• sif_annot: the input SIF has to contain both gene-gene relations, and GO annotations for genes: rows where the source is a gene, and the target is a GO term. Use GO IDs with prefix (for example GO:0000186) to encode GO terms. Genes should be encoded the same as in the gene input list and do not have to correspond to human genes. Ontology relations between GO terms are then added automatically by GeneWalk.
  • sif_full: the input SIF has to contain all GeneWalk network edges: gene-gene relations, GO annotations for genes, and ontology relations between GO terms. GeneWalk does not add any more edges to the network. Encode genes and GO terms in the same manner as for sif_annot.

The edge_list option is a simplified version of the sif option. It requires a network text file that contains rows with two columns each, a source and a target. In other words, it omits the relation type column from the SIF format. Further file preparation requirements are the same as for the sif option.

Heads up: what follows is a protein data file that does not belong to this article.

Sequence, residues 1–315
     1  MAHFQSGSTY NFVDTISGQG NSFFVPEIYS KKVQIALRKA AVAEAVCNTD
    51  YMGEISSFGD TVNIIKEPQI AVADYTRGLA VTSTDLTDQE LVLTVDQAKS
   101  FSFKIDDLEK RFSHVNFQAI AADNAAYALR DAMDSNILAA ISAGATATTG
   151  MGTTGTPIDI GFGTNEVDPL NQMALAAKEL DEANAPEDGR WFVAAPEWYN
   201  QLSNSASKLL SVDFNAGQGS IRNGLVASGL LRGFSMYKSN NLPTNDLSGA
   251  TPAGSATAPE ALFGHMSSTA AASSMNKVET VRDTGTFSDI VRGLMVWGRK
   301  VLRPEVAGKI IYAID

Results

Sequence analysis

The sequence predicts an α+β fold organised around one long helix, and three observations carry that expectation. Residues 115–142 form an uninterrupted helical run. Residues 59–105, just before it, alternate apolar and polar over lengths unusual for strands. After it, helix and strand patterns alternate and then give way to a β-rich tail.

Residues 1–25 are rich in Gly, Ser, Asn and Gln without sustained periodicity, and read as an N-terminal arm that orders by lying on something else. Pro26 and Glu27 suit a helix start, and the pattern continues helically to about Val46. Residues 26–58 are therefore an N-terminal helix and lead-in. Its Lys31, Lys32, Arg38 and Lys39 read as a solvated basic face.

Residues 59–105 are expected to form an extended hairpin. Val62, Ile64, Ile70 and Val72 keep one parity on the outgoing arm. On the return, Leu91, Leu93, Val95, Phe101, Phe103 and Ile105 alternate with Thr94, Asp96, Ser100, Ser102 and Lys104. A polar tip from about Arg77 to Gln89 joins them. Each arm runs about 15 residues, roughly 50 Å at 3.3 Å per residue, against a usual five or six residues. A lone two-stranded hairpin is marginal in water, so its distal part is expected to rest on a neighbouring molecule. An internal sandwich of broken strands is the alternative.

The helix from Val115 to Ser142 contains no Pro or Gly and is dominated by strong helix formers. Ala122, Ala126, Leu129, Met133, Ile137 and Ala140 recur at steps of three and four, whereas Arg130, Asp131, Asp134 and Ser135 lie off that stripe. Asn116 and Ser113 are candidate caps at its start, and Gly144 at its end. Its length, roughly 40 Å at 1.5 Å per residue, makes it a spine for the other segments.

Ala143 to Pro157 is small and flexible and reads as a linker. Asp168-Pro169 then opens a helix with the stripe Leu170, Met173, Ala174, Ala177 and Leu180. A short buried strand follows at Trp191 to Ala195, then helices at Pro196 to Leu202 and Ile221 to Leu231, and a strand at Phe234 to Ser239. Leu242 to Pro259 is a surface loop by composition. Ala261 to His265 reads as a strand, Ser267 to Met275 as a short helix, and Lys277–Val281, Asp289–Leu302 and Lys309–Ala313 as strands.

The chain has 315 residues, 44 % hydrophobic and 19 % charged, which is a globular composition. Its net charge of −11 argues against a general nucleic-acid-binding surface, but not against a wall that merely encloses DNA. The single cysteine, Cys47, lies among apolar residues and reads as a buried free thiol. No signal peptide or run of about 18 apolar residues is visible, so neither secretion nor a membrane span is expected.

The indra option requires as custom network input file a Python pickle file containing a list of INDRA Statements. These statements can represent human gene-gene, as well as gene-GO relations from which network edges are derived. Human GO annotations and ontology relations between GO terms are then added automatically by GeneWalk during network construction.

Further documentation

For a tutorial and more general information see the GeneWalk website.
For further code documentation see our readthedocs page.


Robert Ietswaart, Benjamin M. Gyori, John A. Bachman, Peter K. Sorger, and L. Stirling Churchman
GeneWalk identifies relevant gene functions for a biological context using network representation learning,
Genome Biology 22, 55 (2021).


This work was supported by National Institutes of Health grant 5R01HG007173-07 (L.S.C.), EMBO fellowship ALTF 2016-422 (R.I.), and DARPA grants W911NF-15-1-0544 and W911NF018-1-0124 (P.K.S.).